Fraud Poster / Global Panorama

October 4, 2016; TechCrunch

When it comes to crowdfunding campaigns, do you ever worry if your contributions actually go where they are promised to go? GoFundMe is working to ensure your donations are secure through a new layer of protection called The GoFundMe Guarantee. This new program allows crowdfunding donors and beneficiaries to submit claims for fraudulent campaigns.

Scams have increasingly become an issue on larger crowdfunding platforms. Kickstarter and Indiegogo have thousands of projects launched every day, but since backers on these sites expect to receive a product or some other kid of reward, fraud is usually obvious once a campaign comes to an end. But when it comes to charity-based giving, which has been the GoFundMe platform’s focus, where the money has gone becomes more difficult to track.

Rob Solomon, GoFundMe’s CEO, explains that, “GoFundMe wouldn’t exist without the empathy of our donors, and the GoFundMe Guarantee is about protecting their generosity with the industry’s first and only guarantee.” The platform’s PR team assures that less than 0.1 percent of all fundraising campaigns have exhibited any signs of fraud.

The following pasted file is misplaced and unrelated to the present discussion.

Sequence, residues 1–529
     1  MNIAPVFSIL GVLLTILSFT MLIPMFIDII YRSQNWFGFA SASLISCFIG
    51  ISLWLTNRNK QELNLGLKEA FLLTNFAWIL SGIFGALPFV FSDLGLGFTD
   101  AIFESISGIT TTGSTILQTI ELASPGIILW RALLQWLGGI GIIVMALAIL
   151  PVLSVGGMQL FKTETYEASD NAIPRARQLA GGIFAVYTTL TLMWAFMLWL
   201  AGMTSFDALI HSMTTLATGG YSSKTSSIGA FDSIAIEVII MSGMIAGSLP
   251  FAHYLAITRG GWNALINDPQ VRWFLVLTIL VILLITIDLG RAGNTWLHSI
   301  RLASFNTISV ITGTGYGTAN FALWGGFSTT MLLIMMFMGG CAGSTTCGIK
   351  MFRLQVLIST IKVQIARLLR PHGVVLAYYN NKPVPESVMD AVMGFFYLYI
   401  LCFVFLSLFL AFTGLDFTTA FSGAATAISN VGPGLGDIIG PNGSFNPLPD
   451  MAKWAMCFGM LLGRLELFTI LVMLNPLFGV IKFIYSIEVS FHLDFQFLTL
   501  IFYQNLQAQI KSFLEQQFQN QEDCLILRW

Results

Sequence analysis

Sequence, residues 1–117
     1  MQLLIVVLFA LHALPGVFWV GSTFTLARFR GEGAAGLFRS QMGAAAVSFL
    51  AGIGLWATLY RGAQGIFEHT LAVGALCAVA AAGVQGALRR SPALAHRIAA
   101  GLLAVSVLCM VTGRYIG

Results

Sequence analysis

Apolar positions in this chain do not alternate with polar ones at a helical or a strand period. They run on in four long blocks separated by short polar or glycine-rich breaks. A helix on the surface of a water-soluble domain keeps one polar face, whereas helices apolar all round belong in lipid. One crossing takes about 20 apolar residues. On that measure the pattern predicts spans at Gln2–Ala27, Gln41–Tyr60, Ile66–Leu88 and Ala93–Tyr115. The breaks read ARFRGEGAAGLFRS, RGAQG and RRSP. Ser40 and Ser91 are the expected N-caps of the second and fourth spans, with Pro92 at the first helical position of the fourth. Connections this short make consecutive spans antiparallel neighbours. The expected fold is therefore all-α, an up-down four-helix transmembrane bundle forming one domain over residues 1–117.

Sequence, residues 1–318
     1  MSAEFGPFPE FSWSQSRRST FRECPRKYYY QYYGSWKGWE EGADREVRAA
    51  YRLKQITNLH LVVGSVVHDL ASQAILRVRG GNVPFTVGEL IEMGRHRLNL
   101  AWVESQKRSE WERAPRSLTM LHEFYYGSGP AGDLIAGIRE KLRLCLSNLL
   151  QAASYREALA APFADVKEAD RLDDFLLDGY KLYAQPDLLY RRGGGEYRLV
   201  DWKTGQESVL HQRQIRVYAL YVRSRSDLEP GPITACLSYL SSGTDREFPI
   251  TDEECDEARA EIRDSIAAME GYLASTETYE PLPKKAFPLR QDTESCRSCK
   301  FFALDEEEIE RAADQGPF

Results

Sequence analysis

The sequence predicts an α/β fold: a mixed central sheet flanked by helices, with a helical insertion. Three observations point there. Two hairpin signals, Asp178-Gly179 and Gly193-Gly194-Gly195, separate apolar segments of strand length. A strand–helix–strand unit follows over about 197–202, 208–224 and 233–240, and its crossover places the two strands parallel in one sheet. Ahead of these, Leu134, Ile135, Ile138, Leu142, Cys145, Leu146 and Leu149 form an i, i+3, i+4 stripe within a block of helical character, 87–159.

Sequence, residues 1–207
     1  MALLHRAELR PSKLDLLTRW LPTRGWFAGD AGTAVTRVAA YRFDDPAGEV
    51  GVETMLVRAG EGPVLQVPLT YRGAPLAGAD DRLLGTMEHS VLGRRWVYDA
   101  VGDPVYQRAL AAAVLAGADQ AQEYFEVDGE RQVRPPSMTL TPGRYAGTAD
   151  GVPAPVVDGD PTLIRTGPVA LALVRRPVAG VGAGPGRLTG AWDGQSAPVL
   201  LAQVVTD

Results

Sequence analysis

Will this guarantee help the crowdfunding site eliminate fraud? Perhaps, but it also comes with some serious limitations:

  • The guarantee is limited to $1,000 per donor and $25,000 per recipient charity
  • It will only give coverage to campaigns where the recipient charities are based in the United States or Canada. This means the guarantee will not cover any donors giving to campaigns in the United Kingdom, Australia, Ireland, France, the Netherlands, Belgium, Germany, Spain, Luxembourg, Finland, Austria, or Italy. GoFundMe intends to add more countries, but does not have a timeline on when this will happen.

GoFundMe declares that since “more than 99 percent of all GoFundMe donations are less than $1,000,” the guarantee protects nearly every donor. The $25,000 limit per recipient charity is a cause for concern. Why would GoFundMe place a per-recipient cap at all if they believe they can recognize, expose and stop fraudulent activities on their platform?

One recent GoFundMe success was a campaign that brought in over $10 million to support Louisiana flood victims in August of 2016. This crowdfunding campaign was a great example of how powerful these platforms can be in raising awareness and immediate support for natural disasters. But if this or any other viral campaign were discovered to be fraudulent, how would GoFundMe be able to arrest the damage in time? GoFundMe offers a worthy and valuable service to the nonprofit community, but its guarantee still needs work.—Aine Creedon